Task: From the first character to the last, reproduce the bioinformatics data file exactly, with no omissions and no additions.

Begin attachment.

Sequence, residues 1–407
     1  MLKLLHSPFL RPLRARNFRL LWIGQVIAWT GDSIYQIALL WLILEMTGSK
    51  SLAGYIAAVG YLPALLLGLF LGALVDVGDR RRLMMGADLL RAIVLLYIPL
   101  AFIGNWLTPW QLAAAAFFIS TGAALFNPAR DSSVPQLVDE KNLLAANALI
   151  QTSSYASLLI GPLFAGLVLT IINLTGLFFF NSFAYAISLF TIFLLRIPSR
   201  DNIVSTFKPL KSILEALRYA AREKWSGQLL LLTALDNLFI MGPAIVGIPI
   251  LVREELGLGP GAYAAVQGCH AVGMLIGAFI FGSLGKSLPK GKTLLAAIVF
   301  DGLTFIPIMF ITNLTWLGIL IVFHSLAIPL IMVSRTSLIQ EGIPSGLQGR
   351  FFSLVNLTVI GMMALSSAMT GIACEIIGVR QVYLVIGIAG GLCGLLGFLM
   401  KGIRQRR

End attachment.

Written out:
Sequence, residues 1–407
     1  MLKLLHSPFL RPLRARNFRL LWIGQVIAWT GDSIYQIALL WLILEMTGSK
    51  SLAGYIAAVG YLPALLLGLF LGALVDVGDR RRLMMGADLL RAIVLLYIPL
   101  AFIGNWLTPW QLAAAAFFIS TGAALFNPAR DSSVPQLVDE KNLLAANALI
   151  QTSSYASLLI GPLFAGLVLT IINLTGLFFF NSFAYAISLF TIFLLRIPSR
   201  DNIVSTFKPL KSILEALRYA AREKWSGQLL LLTALDNLFI MGPAIVGIPI
   251  LVREELGLGP GAYAAVQGCH AVGMLIGAFI FGSLGKSLPK GKTLLAAIVF
   301  DGLTFIPIMF ITNLTWLGIL IVFHSLAIPL IMVSRTSLIQ EGIPSGLQGR
   351  FFSLVNLTVI GMMALSSAMT GIACEIIGVR QVYLVIGIAG GLCGLLGFLM
   401  KGIRQRR